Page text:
The computer science qualification splits learning into three section: computer fundamentals, programming techniques and logical methods, and a programming project. A natural progression from GCSE (9–1) computer science, it provides the perfect springboard for students looking at specialising in a computing-based career.
Within the course, students study a range of theory topics, which include the principles and understanding linked to programming, topics such as hardware and software, networks, systems development life cycles and implications of computer use. It enables teachers to tailor the qualification to match the requirements of students and has an open source ethos allowing you to use any programming language that meets the needs of the course.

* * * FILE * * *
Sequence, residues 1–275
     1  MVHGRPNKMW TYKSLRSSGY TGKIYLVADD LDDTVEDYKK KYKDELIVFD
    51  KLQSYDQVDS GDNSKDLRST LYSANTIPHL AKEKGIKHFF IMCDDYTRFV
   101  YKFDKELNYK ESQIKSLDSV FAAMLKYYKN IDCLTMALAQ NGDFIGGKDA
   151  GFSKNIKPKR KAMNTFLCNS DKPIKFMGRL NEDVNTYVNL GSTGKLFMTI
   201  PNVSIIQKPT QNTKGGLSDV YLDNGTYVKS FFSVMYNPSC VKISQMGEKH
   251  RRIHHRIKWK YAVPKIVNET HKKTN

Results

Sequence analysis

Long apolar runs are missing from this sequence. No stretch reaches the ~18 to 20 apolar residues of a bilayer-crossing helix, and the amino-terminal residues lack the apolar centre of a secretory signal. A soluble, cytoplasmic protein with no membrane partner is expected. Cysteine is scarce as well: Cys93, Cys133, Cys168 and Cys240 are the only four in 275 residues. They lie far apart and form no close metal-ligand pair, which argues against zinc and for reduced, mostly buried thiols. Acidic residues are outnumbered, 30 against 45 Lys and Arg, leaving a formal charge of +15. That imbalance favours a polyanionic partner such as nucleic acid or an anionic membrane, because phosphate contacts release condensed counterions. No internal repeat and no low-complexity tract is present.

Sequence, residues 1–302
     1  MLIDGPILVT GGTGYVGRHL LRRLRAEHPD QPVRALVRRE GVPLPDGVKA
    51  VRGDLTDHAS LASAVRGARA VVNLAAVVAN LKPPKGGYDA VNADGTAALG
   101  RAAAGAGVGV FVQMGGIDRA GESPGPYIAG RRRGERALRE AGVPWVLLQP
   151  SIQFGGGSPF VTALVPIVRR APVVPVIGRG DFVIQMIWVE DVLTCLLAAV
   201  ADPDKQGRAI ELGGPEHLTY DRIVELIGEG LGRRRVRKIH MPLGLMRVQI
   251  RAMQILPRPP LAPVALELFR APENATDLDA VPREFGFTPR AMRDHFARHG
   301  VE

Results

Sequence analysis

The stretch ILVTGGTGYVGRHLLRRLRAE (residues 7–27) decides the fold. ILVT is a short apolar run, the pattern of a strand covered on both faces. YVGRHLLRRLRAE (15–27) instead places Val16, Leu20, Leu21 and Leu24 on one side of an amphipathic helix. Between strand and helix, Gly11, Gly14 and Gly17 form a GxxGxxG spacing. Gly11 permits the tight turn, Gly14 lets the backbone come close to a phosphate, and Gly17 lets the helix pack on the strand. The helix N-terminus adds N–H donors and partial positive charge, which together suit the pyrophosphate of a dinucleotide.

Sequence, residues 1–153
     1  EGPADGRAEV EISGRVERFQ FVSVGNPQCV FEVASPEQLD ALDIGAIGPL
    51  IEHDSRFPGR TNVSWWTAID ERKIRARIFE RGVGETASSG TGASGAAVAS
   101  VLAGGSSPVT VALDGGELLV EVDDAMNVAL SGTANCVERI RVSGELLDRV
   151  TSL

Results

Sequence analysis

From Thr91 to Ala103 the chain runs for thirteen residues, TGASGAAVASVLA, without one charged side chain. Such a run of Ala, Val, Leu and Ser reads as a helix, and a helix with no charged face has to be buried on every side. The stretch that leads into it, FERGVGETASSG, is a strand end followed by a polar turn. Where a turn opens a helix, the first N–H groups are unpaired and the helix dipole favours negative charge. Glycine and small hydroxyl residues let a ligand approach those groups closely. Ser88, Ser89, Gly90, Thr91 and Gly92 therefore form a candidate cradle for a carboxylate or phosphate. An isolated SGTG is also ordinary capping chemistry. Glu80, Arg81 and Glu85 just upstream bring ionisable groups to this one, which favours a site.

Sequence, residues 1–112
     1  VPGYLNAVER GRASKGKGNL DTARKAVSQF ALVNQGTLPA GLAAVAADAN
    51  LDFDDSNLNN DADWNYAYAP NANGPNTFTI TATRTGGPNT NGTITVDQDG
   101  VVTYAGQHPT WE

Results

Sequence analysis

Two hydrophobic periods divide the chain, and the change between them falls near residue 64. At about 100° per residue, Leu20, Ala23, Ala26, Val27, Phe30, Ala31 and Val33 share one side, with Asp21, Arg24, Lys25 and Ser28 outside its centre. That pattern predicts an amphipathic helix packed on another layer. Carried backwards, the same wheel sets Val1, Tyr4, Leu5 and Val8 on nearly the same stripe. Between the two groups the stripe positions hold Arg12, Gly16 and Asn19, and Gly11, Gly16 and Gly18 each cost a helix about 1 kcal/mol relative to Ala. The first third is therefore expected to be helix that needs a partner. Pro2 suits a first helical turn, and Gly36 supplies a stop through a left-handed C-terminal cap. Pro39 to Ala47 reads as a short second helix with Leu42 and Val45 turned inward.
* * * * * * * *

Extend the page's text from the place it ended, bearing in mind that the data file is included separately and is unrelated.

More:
The A level will develop a student’s ability to:
- Think creatively, innovatively, analytically, logically and critically
- Apply skills in and an understanding of computing (including programming) in a range of contexts to solve problems
- Delve into producing graphical user interfaces and object-orientated programming solutions.
Through the creation of a programming project, students will have the opportunity to create a substantial piece of software using modern design methods and, guided by teachers, they will look to display their skills and talents.
Method of assessment
The course is assessed through two written exams (each worth 40%) and a programming project (worth 20%). There is one re-sit opportunity for this subject.
Topic areas covered
• The characteristics of contemporary processors, input, output and storage devices
• Software and software development
• Exchanging data
• Data types, data structures and algorithms
• Legal, moral, cultural and ethical issues
• Elements of computational thinking
• Problem solving and programming
• Algorithms to solve problems and standard algorithms
• Independent programming project